'Do Not Track' Web System Stuck In Limbo
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You may have come across this on Firefox or Internet Explorer. Many Internet browsers now have an option called Do Not Track. It's supposed to limit what websites can do with your personal information. In reality, it doesn't do too much. NPR's Martin Kaste reports that's because online advertisers and the rest of the tech industry can't agree on what Do Not Track should mean.
MARTIN KASTE, BYLINE: The details of the Do Not Track system are in the hands of one of those Internet standards organizations, the W3C, in this case. You may have heard of these groups. They tend to be made up of international uber geeks who reach decisions through consensus. Sometimes in meetings, they'll hum to show their reaction to a given proposal.
ALEECIA MCDONALD: The humming, we did some hums as well.
KASTE: This is Aleecia McDonald, one of the co-chairs of the Do Not Track working group right after its most recent meeting. She's a big believer in the ideal of setting Internet standards through consensus, but so far, consensus is something her group has failed to reach.
MCDONALD: No, we did not. We were hoping to by June, so we've missed that. The deadlines are slipping.
KASTE: They've been at it for a year. And while there are many moving parts to the discussions, the central disagreement is about what's meant by tracking. Jonathan Mayer studies computer science and law at Stanford. He says privacy advocates want Do Not Track to mean do not collect my information, while online advertisers think it should mean do not target ads at me.
JONATHAN MAYER: If you turn on Do Not Track, you will not see ads based on your browsing history, but companies can still continue to use various technologies to collect your browsing history.
KASTE: That's a scenario Mayer is not eager to see. But Mike Zaneis of the Interactive Advertising Bureau trade group says his industry will suffer if people can just switch off data collection.
MIKE ZANEIS: It certainly could put a lot of companies out of business, and it could restrict the availability of freely available content and services that we have today on the Internet.
KASTE: The advertisers' participation in the W3C talks has always been tentative. Zaneis says organizations like this are good at setting technical standards for how websites should display but not so good at setting public policy. And indeed, the geeks may soon have to step aside for the politicians or at least the European regulators who've signaled that if there's no deal this summer, they'll impose their own solution. But in Washington, it's a different story.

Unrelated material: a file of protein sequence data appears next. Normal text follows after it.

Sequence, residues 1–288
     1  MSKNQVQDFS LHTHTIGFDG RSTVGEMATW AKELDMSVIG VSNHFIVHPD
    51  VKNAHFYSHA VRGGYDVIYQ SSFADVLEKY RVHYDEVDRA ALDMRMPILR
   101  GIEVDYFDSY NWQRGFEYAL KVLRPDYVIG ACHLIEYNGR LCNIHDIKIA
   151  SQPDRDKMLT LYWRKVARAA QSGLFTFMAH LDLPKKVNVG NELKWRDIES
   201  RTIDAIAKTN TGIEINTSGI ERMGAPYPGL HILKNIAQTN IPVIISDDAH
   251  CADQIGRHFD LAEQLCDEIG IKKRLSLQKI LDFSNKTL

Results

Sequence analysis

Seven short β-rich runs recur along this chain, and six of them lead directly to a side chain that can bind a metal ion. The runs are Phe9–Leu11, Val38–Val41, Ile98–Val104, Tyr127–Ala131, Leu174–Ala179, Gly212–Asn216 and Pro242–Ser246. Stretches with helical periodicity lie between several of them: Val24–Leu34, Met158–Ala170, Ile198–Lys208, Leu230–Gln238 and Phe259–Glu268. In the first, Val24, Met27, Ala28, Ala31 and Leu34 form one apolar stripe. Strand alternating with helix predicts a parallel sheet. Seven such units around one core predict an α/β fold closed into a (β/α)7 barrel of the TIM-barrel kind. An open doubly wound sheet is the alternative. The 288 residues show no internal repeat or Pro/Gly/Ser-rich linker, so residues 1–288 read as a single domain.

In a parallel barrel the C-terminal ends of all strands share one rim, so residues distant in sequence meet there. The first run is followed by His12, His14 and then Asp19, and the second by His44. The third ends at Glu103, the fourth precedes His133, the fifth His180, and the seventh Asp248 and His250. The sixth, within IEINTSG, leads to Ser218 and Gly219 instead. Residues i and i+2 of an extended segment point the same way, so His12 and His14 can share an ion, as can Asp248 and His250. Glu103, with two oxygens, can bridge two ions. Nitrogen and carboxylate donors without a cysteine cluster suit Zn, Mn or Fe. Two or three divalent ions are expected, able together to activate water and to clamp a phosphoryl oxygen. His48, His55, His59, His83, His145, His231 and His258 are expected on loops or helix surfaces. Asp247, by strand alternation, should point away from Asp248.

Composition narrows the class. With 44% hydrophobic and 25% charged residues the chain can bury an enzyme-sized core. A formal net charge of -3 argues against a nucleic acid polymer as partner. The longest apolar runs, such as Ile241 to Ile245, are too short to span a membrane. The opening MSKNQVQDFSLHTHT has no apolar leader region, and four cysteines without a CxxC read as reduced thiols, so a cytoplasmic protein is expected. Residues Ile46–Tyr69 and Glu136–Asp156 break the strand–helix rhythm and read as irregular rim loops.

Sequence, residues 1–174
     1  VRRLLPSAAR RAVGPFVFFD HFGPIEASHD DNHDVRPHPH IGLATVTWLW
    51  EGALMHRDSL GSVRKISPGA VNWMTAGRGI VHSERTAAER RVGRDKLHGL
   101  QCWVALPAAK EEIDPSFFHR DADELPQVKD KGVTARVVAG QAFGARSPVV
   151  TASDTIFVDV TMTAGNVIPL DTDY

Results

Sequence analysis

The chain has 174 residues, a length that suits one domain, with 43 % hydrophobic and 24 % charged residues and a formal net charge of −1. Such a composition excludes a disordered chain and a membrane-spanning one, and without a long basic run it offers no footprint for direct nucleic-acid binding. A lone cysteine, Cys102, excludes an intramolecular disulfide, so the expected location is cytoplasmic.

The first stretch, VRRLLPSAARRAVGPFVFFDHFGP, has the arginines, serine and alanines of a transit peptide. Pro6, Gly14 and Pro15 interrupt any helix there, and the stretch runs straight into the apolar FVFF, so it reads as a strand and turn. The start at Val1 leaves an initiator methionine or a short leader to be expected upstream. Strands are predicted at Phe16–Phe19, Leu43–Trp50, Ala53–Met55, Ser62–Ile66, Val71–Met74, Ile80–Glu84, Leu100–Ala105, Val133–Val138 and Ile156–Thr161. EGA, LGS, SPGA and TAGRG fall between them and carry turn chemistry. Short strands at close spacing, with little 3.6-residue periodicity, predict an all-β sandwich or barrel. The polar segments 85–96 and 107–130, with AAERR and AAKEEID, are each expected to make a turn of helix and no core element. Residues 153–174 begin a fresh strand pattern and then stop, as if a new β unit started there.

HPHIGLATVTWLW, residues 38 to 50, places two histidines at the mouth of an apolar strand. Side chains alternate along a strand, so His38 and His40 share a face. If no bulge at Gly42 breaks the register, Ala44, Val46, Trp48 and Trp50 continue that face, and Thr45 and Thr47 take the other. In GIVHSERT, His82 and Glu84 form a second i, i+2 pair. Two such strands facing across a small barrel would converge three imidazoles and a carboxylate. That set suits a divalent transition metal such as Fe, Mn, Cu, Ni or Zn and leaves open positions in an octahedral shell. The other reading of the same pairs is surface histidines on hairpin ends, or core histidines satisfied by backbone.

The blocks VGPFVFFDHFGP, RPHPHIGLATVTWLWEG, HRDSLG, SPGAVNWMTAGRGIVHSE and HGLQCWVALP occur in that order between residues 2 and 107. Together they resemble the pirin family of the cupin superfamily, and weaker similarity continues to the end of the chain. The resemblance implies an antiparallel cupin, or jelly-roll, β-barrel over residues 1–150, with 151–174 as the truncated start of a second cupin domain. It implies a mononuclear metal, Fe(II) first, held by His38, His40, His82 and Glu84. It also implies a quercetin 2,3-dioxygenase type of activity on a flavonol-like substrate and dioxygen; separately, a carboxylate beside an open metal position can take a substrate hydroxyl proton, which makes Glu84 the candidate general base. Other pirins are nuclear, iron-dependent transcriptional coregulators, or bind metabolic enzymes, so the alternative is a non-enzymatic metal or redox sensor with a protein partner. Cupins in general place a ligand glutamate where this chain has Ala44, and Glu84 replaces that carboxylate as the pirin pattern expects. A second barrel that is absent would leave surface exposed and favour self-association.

JEFFREY CHESTER: In the United States, the industry is simply not feeling the right pressure.
KASTE: Jeffrey Chester is director of the advocacy group Center for Digital Democracy, and he's also part of the W3C group.
CHESTER: There's going to be two roads for Do Not Track, it looks like. One is an EU path where greater controls and requirements are necessary, and one is for the U.S. and the rest of the world where there'll likely be weaker safeguards.
KASTE: In the absence of government action in the U.S., some privacy hawks are looking to technological fixes, such as browser plug-ins that block or scramble the personal information collected by Internet companies. Princeton computer science professor Ed Felten worries about growing online combat over privacy.
ED FELTEN: The advertiser tries to inject tracking on the user's computer, and the user tries to engage in technical blocking measures. That kind of arms race is really not good for anybody.
KASTE: Felten is also part of the Do Not Track working group, and he hopes they can still reach a deal. He says a voluntary system would just be more polite.
FELTEN: And by more polite, I mean that the user makes a request to not be tracked, and the tracker or advertiser responds with a clear indication of what they're going to do, and advertising can still be placed in a way that's acceptable to users.
KASTE: But given all the money that's at stake, it may well be that the old-school Internet traditions of voluntary rules and consensus standards may no longer be up to the task. Martin Kaste, NPR News, Seattle.
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